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The road to oblivion

Channel-hopping on election night, you couldn’t help but notice the similar expressions on the faces of so many of the anchors, or correspondents, or whatever the networks now call their professional spokesmodelreaderpersons. From Katie Couric to Diane Sawyer, they were all beaming like cats who had just swallowed the canary. They could hardly contain their joy as they ballyhooed the “historic” election of Barack Obama.

That’s fine, except that, so far as I can determine, these people still identify their profession as “journalist,” that group of ink-stained reprobates on whom the public relies for a certain level of objectivity — even cynicism, when appropriate — when probing and relaying the fatuous mouthings of the political class.

But only when those in power try to stand in the path of the great and noble rush to socialism, of course. Think “Saturday Night Live” will be making fun of Barack and Michelle next week? Next month? Oh, please. Based on past performance, 18 months from now they’ll still be milking their parodies of John McCain, George Bush, and Sarah Palin, like octogenarian burlesque performers trying to get the little dogs in the faded tutus to jump through the hoops one more time.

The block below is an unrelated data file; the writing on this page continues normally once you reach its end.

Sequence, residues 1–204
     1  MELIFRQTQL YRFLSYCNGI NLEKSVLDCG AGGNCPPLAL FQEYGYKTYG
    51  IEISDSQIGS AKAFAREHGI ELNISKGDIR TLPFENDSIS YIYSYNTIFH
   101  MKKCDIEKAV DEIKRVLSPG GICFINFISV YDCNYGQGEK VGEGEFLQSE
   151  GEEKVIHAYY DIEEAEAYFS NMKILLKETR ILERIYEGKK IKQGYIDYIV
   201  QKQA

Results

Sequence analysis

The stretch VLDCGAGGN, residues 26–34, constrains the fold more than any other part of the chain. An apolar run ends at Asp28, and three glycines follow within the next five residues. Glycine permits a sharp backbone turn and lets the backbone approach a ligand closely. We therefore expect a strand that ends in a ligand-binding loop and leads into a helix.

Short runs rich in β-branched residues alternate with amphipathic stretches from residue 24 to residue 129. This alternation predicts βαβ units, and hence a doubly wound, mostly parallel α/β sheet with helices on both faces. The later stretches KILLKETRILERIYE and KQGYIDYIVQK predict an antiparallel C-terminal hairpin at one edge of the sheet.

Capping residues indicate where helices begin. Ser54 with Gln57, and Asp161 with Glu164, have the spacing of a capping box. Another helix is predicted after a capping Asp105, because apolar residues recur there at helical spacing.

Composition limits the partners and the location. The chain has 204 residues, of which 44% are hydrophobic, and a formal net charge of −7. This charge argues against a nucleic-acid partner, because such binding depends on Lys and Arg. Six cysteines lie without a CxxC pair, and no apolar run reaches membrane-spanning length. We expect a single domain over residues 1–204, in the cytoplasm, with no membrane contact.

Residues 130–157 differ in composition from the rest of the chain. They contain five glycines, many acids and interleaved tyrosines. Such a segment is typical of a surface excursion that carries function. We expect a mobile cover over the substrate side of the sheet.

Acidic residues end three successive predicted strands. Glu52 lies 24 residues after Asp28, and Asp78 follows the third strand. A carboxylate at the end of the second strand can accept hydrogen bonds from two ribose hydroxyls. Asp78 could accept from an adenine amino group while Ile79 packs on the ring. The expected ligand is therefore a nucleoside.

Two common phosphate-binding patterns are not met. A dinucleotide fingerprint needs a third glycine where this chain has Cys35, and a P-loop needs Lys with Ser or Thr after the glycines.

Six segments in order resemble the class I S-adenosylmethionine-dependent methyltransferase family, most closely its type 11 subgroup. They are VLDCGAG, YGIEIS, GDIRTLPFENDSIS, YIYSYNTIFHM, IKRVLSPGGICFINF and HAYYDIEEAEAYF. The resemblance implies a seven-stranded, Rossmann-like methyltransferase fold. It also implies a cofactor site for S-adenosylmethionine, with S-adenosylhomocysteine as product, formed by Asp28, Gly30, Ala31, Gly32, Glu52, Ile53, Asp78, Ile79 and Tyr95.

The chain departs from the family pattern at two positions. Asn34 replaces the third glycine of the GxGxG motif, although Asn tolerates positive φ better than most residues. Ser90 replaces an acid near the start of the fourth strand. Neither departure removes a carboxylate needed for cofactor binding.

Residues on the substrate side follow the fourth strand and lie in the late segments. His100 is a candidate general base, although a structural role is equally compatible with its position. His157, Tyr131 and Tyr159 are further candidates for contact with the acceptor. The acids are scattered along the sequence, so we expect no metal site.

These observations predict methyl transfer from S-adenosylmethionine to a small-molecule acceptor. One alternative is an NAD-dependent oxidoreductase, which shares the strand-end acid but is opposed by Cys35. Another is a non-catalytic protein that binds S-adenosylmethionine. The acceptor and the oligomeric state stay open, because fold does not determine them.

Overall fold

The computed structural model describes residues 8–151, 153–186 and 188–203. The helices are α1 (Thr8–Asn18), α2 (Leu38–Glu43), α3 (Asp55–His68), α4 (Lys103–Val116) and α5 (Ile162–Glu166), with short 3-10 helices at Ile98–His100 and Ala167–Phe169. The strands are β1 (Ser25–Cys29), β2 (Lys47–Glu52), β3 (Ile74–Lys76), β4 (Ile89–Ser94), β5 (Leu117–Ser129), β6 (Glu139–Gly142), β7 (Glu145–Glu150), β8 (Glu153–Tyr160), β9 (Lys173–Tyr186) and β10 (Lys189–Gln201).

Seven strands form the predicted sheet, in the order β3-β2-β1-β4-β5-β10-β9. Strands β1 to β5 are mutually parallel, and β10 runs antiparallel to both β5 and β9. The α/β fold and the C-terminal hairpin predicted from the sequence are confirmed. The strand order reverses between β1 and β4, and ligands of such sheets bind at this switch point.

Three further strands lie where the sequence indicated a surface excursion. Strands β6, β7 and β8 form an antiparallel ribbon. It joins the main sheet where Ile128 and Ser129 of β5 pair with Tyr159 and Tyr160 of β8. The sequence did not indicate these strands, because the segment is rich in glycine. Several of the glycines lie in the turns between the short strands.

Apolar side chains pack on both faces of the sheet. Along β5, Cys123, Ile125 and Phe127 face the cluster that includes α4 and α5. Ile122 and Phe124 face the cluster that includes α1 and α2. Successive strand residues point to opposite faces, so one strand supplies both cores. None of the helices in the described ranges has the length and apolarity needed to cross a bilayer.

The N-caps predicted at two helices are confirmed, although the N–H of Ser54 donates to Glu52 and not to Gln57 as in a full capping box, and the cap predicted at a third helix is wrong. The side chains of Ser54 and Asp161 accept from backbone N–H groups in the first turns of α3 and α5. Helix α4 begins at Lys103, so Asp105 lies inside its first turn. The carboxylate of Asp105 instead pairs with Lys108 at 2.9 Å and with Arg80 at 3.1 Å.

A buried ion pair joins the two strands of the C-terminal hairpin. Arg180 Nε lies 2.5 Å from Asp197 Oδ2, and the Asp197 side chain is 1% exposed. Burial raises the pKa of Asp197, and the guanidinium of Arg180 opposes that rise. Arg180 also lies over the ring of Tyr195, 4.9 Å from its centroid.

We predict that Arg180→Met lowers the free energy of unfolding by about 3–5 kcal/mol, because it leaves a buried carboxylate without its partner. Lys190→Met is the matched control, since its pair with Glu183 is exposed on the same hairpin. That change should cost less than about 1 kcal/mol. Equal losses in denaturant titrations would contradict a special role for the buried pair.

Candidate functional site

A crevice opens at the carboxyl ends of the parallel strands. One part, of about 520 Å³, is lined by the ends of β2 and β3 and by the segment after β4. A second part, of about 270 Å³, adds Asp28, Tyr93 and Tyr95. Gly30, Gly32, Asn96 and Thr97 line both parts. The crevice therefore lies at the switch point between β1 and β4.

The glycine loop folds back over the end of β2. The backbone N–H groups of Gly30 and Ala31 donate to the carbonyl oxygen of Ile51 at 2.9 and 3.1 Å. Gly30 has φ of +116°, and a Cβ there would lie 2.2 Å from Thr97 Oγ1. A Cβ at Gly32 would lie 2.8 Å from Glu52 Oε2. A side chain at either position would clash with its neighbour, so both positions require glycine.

It was the job of this gang to challenge BOTH major presidential candidates, and their running mates, on their backgrounds, their underlying economic philosophies, and their plans. Those who have chosen a candidate and decided to promote his candidacy are at least ethically bound to so declare, and to no longer pretend, at that point, to “report” the race as objective observers. Because it’s so hard to think of the follow-up question that might catch a politician in a lie, isn’t it, when you’re nodding your head and gazing up at him with an expression that reveals to the whole world that he’s just made you wet your panties.

Ninety percent of the American news media did not merely “fail” at this task. They committed professional suicide. Our trust in them, previously merely misplaced, is now essentially gone.

It’s fun to shriek with glee at the beautifulness of your favorite pop star. But as grown-ups, we generally know better than to put the cutest member of The Partridge Family in a position where he can decide whether the federal government shall defy the constitution.

-30-

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